Why was the Pope a terrorist target?
It's hard for Westerners who haven't traveled to the Moslem world to understand how deeply we are resented there. This isn't new, either. Some years ago our family of four drove from Rome to India, crossing Turkey, Iran and Afghanistan. In eastern Turkey people hurled stones at our van and hostile crowds gathered whenever we parked. They didn't know we were Americans, just Westerners. In Iran I found myself being followed by a menacing line of men. I confess I ran like hell. The farther East, the stronger the resentment against Westerners. In the Moslem world, the Pope isn't perceived as just the head of the Roman Catholic Church, but as the supreme symbol of the intrusion of Western civilization.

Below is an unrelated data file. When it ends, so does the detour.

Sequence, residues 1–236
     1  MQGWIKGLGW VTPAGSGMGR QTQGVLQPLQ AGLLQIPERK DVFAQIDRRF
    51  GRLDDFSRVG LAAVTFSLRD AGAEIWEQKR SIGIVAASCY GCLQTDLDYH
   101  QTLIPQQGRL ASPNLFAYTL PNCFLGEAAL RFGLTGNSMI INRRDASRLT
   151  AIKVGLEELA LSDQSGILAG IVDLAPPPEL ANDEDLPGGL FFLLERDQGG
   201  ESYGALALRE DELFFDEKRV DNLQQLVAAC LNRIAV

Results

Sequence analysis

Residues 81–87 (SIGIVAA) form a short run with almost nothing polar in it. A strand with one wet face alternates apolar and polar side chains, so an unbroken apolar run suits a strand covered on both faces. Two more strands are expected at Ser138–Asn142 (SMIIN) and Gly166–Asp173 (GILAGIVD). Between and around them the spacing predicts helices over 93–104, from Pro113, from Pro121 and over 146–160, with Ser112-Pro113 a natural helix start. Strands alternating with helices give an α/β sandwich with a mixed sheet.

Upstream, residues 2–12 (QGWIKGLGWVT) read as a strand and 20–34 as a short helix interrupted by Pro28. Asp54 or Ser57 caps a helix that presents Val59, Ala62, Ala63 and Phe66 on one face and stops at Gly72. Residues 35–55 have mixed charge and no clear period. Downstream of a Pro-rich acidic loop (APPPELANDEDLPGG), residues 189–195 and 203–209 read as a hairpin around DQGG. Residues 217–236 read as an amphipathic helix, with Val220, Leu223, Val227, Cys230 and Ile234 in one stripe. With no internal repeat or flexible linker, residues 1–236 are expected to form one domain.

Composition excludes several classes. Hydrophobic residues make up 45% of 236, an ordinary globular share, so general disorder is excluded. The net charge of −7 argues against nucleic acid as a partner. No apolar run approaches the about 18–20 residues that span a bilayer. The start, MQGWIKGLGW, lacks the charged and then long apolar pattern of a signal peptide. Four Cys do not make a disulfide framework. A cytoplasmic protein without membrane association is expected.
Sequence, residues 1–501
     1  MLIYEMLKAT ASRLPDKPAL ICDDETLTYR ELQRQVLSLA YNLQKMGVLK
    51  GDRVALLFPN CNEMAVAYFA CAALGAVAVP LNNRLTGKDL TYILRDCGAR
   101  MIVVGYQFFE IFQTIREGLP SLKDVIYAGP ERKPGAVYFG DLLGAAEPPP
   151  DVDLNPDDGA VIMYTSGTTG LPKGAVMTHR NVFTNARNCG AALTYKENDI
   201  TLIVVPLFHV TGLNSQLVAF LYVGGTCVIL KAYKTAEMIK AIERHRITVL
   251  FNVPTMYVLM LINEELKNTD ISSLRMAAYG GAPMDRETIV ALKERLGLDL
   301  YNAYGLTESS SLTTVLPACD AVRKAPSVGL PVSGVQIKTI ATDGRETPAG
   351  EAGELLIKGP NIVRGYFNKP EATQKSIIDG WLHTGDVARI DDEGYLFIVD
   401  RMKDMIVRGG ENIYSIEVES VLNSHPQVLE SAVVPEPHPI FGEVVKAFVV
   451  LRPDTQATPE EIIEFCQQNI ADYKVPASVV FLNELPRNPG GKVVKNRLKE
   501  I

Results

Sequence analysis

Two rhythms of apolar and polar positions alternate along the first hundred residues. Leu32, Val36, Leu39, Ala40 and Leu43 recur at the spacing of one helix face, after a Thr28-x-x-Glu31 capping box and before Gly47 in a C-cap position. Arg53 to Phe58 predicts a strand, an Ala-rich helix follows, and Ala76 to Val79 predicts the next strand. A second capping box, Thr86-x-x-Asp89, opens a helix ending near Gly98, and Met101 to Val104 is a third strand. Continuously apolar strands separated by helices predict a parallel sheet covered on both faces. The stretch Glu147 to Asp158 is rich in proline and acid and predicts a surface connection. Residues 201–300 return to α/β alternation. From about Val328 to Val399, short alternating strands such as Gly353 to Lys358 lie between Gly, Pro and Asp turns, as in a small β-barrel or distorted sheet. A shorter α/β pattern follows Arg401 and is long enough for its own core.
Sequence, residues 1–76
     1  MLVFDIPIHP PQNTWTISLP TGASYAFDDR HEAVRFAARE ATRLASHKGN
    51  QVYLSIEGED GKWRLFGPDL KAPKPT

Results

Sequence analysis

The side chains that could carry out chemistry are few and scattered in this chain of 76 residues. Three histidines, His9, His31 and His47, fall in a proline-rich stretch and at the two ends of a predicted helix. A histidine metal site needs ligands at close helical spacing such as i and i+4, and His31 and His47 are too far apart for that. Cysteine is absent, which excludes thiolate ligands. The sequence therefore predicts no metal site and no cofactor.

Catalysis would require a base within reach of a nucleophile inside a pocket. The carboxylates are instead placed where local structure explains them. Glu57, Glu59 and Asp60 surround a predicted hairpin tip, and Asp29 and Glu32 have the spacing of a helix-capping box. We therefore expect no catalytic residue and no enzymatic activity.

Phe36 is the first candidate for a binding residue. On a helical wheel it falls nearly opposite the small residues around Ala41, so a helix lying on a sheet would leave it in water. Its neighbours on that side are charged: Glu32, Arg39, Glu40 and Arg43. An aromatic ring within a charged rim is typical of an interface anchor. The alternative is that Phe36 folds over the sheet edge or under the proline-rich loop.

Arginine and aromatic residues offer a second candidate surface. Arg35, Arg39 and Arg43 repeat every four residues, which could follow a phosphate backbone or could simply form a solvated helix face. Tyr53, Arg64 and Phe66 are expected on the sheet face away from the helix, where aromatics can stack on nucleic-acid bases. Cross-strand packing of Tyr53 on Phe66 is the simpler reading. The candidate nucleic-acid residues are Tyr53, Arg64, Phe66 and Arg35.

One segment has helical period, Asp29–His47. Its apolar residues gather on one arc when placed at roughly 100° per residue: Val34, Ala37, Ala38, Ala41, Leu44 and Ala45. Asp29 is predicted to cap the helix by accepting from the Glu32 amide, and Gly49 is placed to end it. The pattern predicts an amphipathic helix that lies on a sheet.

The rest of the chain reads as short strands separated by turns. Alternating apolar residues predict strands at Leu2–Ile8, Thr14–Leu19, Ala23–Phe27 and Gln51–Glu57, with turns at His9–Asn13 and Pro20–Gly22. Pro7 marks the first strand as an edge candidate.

What specifically might have turned Agca against him?
Agca said he wanted to kill the Pope to protest Russian and American imperialism. But he has also said he was avenging the 1979 attack on the Grand Mosque in Mecca. Now that's interesting, because the occupation of that shrine, the holiest in Islam, was a terribly shocking offense to the world's 750 million Moslems. The Iranian radio put out a report attributing the raid to the CIA and Zionists. In fact, the raiders seemingly were all Moslems whose leaders were trained in Southern Yemen by Palestinians. But the false report spread, and apparently stuck in this fellow's mind as another example of Western evil.
Did Pope John Paul II himself exacerbate tensions?
Yes. His November 1979 trip to Turkey was a terrible mistake. He should never have gone. Everybody around him knew that. He was arriving just at a time when the Islamic revolution in Iran was spilling over, when long-dormant fundamentalist passions in Turkey were awakening. Just a few days earlier Agca had escaped from prison and threatened to kill the Pope as revenge for the Mecca raid. The security precautions were tremendous. The Pope got a very cold reception, a very small audience—the smallest of any of his visits.
Is political violence common in Turkey?